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The Election Edition of What if…?


September 13, 2018 by Paul Sullivan
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The Election Edition of What if…?

Normally, elections are settled affairs. The votes are tallied in a systematic way and the candidate who gets the most votes wins. There are many possible scenarios that probably won’t happen: In fact, it’s really doubtful, but what happens if something unexpected does occur during an election and it’s not clear what should be done next?

This article reviews some unlikely occurrences that could arise in and after elections, and what should be done in response.

An Election that Ends in a Tie

Candidates for office hope for a “landslide” in their election results. Usually though, the winner and his or her opponent will only be separated by a few votes or percentage points. What if there is a tie?

State law takes care of that possibility. If two or more candidates are tied when the vote counts and recounts are complete, the winner is determined “by lot” (RCW 29A.60.221). Typically, the winner will be determined by the flip of a coin. However, selection of the winning candidate could be made by drawing straws, rolling dice, or picking a name from a hat — all recognized ways of making a decision by lot.

Challenges Involving Candidates

What if the winner of the primary election dies prior to the general election? Will his or her votes be counted?

According to AGO 1999 No. 5, the candidate’s name remains on the ballot and the votes that are cast for him or her are counted. In the event the deceased candidate receives the most votes, a vacancy is declared for the position and the vacancy is filled according to the process applicable to that office. The runner-up candidate to the person who died is not declared the winner. 

What if, after the primary election, a candidate moves from the jurisdiction and is no longer qualified to hold the office being sought? 

Sometimes a candidate will no longer qualify for the office he or she is seeking but the person’s name remains on the ballot (and maybe the person continues to seek election). What can be done?

Any judge, other than a district or municipal court judge, is authorized to correct an election error, prevent a “wrongful act” with respect to an election, or require the performance of an election-related duty, if an affidavit is filed by an elector (see RCW 29A.68.011).

Additionally, a registered voter may contest the right of any person to be issued a certificate of election if the candidate was ineligible for the office at the time elected. The voter must file an affidavit with the court and a hearing  must be set on the matter. After receiving testimony and evidence at the hearing, the presiding judge may either dismiss the proceedings, nullify the election, or, if another person has the most legal votes, declare that person to be elected (RCW 29A.68.050).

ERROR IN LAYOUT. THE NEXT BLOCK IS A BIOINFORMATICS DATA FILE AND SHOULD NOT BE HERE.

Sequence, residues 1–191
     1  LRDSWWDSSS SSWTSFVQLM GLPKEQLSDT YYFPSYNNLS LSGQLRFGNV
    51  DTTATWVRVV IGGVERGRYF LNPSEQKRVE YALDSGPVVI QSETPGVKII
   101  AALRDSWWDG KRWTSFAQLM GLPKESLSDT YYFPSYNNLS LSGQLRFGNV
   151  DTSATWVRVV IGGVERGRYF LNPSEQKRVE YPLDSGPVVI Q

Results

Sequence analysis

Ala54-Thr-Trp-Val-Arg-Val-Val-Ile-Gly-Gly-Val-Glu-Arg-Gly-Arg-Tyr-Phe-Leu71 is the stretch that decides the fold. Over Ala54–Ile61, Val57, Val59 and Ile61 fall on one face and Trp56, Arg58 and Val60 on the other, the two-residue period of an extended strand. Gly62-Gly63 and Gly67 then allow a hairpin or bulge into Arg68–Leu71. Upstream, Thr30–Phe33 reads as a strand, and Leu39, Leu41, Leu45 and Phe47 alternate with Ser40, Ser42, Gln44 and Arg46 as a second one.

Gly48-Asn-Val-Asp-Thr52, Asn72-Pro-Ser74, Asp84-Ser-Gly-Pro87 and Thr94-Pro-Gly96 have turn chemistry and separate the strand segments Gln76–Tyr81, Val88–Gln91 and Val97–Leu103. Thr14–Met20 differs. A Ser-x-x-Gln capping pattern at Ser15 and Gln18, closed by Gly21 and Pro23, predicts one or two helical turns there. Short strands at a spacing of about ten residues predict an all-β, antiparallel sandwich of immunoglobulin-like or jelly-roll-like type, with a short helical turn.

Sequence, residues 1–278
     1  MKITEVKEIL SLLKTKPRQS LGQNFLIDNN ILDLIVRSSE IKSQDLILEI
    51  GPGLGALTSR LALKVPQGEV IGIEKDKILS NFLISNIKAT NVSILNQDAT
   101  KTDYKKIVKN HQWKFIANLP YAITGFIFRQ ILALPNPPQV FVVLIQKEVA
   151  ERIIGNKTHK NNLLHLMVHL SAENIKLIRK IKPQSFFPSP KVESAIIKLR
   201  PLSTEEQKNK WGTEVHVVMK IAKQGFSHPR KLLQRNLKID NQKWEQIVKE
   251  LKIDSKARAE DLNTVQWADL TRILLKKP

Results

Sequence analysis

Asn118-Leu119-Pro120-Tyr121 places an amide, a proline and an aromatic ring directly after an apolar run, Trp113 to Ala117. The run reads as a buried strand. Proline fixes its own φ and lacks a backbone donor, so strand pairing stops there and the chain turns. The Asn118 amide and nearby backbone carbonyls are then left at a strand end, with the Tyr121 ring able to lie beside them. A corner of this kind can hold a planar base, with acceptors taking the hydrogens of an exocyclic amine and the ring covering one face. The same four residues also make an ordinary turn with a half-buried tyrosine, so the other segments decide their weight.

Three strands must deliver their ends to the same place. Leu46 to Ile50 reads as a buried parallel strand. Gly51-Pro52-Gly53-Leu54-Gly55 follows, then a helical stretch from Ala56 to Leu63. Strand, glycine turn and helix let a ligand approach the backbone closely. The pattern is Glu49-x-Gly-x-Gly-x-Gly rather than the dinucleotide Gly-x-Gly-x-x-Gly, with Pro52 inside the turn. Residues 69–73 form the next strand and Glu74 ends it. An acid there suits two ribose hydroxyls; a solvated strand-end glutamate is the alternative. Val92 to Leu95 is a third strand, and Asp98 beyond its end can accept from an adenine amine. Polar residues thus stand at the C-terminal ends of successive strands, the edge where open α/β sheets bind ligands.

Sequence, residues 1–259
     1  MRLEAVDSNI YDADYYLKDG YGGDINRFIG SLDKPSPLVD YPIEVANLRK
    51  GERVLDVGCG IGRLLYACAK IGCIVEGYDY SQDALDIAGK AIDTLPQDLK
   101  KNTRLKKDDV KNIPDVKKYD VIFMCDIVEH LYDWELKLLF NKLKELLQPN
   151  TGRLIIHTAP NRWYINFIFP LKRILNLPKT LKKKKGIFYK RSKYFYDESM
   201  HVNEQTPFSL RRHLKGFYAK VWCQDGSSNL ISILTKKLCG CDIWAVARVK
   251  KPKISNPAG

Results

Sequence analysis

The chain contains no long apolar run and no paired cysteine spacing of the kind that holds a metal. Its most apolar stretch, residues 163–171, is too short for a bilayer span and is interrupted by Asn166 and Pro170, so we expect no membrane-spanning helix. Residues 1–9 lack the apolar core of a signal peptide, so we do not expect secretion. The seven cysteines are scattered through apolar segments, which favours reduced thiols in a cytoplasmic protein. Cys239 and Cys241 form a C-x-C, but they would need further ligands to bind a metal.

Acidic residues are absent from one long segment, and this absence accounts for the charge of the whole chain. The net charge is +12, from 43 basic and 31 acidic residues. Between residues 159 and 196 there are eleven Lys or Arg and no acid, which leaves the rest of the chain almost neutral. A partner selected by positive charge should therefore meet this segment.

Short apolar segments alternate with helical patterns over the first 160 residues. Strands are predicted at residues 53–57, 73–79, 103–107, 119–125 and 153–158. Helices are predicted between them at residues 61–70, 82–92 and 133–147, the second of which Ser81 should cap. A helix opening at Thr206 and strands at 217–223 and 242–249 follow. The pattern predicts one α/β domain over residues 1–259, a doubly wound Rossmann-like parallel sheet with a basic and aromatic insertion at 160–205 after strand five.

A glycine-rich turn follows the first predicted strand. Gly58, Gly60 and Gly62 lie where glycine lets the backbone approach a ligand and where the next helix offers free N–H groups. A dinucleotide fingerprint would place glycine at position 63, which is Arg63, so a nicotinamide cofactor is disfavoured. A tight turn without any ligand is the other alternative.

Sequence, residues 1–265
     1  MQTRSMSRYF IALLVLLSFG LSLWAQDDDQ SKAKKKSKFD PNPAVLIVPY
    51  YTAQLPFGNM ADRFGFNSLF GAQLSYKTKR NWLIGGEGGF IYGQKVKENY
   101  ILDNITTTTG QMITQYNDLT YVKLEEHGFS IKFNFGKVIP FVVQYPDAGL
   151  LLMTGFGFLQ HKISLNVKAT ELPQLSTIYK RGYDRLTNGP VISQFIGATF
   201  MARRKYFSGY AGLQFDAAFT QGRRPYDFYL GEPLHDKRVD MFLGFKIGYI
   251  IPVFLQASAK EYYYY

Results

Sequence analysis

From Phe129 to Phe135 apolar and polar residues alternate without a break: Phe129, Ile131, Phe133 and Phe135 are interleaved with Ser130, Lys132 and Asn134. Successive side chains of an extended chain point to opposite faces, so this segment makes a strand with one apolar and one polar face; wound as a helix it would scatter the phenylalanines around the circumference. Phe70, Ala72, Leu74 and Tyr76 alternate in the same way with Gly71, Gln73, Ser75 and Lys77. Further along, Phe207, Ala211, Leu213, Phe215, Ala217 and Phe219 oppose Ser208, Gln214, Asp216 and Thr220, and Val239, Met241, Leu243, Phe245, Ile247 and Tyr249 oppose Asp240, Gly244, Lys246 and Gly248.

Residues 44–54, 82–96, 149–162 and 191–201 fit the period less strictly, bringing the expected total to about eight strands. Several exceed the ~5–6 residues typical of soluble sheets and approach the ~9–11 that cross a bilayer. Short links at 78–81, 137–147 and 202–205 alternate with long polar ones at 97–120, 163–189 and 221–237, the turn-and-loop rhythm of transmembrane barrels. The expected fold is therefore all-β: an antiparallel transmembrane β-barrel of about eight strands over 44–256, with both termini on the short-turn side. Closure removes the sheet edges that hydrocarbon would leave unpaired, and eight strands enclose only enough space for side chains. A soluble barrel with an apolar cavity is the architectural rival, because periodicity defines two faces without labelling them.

What if a person, unqualified for office, nevertheless assumes office and votes on issues, sometimes even casting the deciding vote?

The votes taken by an “officeholder” who is later found unqualified for office are considered valid. Under the de facto officer doctrine, one who has the reputation and appearance of being an officer, but has no legal right to the office, nevertheless serves as a “de facto officer” and his or her votes are considered valid.

What if voters write in Mickey Mouse and Mickey receives the most votes?

For write-in votes to be counted, the person (or rodent) whose name is written in must have declared his or her candidacy and paid the required filing fees by no later than 8:00 p.m. on the day of the primary or the election (RCW 29A.24.311). Assuming Mickey (or a person) has not declared and paid a filing fee, he or she would have no votes counted and thus winning the office would be impossible (sorry, Mickey).

Post-Election Governance Issues

What if a jurisdiction’s newly elected officers are not sworn in until January 15 but some issues must be decided before then, and without the new officers, there is no quorum?

While a person elected to office will typically serve for a term of four years, it is possible that he or she might end up serving for a longer period. For example, code city mayors and councilmembers have 4-year terms and, according to RCW 35A.12.040, serve “until their successors are elected and qualified and assume office.”

Under such statutes, if a newly elected person cannot take office at the beginning of a new term, his or her predecessor “holds over” in the position until the new officer can provide a bond and be sworn in. Of course, if the predecessor refuses to continue to serve or is unable to do so, there could be a problem.

Questions? Comments?

If you have questions about elections or other local government issues, please use our Ask MRSC form or call us at (206) 625-1300 or (800) 933-6772. If you have comments about this blog post or other topics you would like us to write about, please email me at psullivan@mrsc.org.

About Paul Sullivan

Paul has worked with local governments since 1974 and has authored MRSC publications on local elections, ordinances, and general local government operation. He also provides training on the Open Public Meetings Act.

VIEW ALL POSTS BY Paul Sullivan

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"In 1989-91 I served as city clerk/treasurer for the City of Gold Bar and turned to MRSC and to you Paul on an ongoing basis as Gold Bar careened between chaos and calamity regularly. Your guidance was invaluable and allowed me to speak authoritatively to leaders, keeping Gold Bar from both hell ‘and’ high water, and the risk agents at the Association of Wa Cities from heartburn. A voice from the past would like to offer a belated thanks."

Susan (Houston) Hobbs on Sep 20, 2018 12:05 PM

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